One more classic in the PA genre, Alas, Babylon falls into the short-term category, where the novel follows the events of the cataclysm itself and the immediate aftermath. In this case, it is a very realistic Cold War nuclear exchange. In some ways, Alas, Babylon is more of a Cold War novel than a true Post-Apocalyptic novel. Though in content it is in every way an "after" novel and a really good one, I suspect that the primary goal of the writer was to address what many considered a very real possibility of the time rather than to explore an alternate future of our collapsed society.
It all takes place in a very small town in Florida. The protagonist is a young lawyer and Korean War vet from an old local and upper class family. He is a bit down and unmotivated, taking out a lot of women and drinking bourbon in his coffee every morning. His brother is a high-ranking intelligence officer and he sends him a coded message that basically says the shit is going to hit the fan. Within a day, the hero in a disorganized scramble tries to prepare for the oncoming nuclear war. He also must take in his brother's wife and two kids.
The preparations and the small town's reaction to his change in behaviour are portrayed in some detail. The theme is this guy trying to get his head around what he has to do and realizing how much of his life and the lives of those around him is totally dependent on the civilized technological infrastructure. The town is portrayed as being even more clueless than him. A black family lives on his land and they are shown to be the most resourceful because they have been kept at such a low level relative to the white society. They know how to fish, farm, get clean water from the aquafer, cook local flora and fauna.
When the bombs do hit, it's quite exciting and really well done. You see it all from the protagonist's eyes, from a distance because there are no direct hits near the town. This isn't a case of total and sudden chaos, because the town stays intact. But radio and television service stops as do incoming deliveries. The first thing to really go is the local economy. I will stop going into geeky detail here, because a lot of the pleasure of the book is watching it all come apart. It really is very thoughtfully done.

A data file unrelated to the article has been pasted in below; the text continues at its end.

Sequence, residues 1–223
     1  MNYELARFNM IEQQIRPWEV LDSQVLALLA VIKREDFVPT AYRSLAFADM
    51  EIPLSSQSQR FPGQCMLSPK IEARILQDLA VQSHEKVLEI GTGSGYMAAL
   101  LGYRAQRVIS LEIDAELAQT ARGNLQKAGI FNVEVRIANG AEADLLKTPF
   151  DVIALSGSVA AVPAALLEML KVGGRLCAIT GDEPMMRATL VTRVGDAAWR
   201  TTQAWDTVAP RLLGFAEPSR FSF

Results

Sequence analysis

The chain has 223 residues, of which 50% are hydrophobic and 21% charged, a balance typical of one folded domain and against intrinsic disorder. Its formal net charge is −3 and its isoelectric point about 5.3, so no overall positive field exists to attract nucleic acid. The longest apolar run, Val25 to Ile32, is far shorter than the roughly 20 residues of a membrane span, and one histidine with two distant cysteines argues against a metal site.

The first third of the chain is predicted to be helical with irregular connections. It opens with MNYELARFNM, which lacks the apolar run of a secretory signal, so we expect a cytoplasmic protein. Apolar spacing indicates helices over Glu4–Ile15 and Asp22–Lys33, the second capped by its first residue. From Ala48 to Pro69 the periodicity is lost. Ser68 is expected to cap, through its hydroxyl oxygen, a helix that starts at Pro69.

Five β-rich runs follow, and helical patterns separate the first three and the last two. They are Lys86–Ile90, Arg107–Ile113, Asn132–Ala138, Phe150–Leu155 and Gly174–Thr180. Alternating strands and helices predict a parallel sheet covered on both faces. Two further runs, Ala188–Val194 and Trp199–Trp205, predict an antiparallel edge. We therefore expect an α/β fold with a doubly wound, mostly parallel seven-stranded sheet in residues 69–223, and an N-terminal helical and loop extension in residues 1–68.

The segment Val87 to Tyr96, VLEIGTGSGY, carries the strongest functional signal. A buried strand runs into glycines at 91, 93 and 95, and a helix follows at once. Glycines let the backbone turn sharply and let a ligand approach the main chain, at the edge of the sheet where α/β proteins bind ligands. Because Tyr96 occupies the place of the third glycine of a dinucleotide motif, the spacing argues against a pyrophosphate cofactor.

Of all the other PA books I've read, Alas, Babylon makes me think of Earth Abides the most. Both are from an American perspective, from very similar times. The major difference is the timescales. But they are saying similar things. Our society rests on a very large and fragile framework. Though this book has greater faith in our human and American traditions, suggesting that with work and organization we can bring them back.
There was one thing that struck me was how incredibly removed from nature the people of this town in Florida are. They sound worse than we are today. For example: "Before The Day, except in hunting, or in war, a five- or ten-mile walk would have been unthinkable." Really? I find that surprising. Also, a woman says that they are going to have to go back to the "old-fashioned" way of feeding babies, breastfeeding. I know that they were insane about their doctors in the 50s, but I assumed most people still breast fed.
An excellent book. I strongly recommend it.
Here is Mt. Benson's better written review. We look at it with very similar perspectives, but I think his point that Pat Frank "doesn't question whether a codified society will survive; he wants to assure us that it will take a firm hand to guide us there" is well made and does differentiate Alas, Babylon from the more final Earth Abides.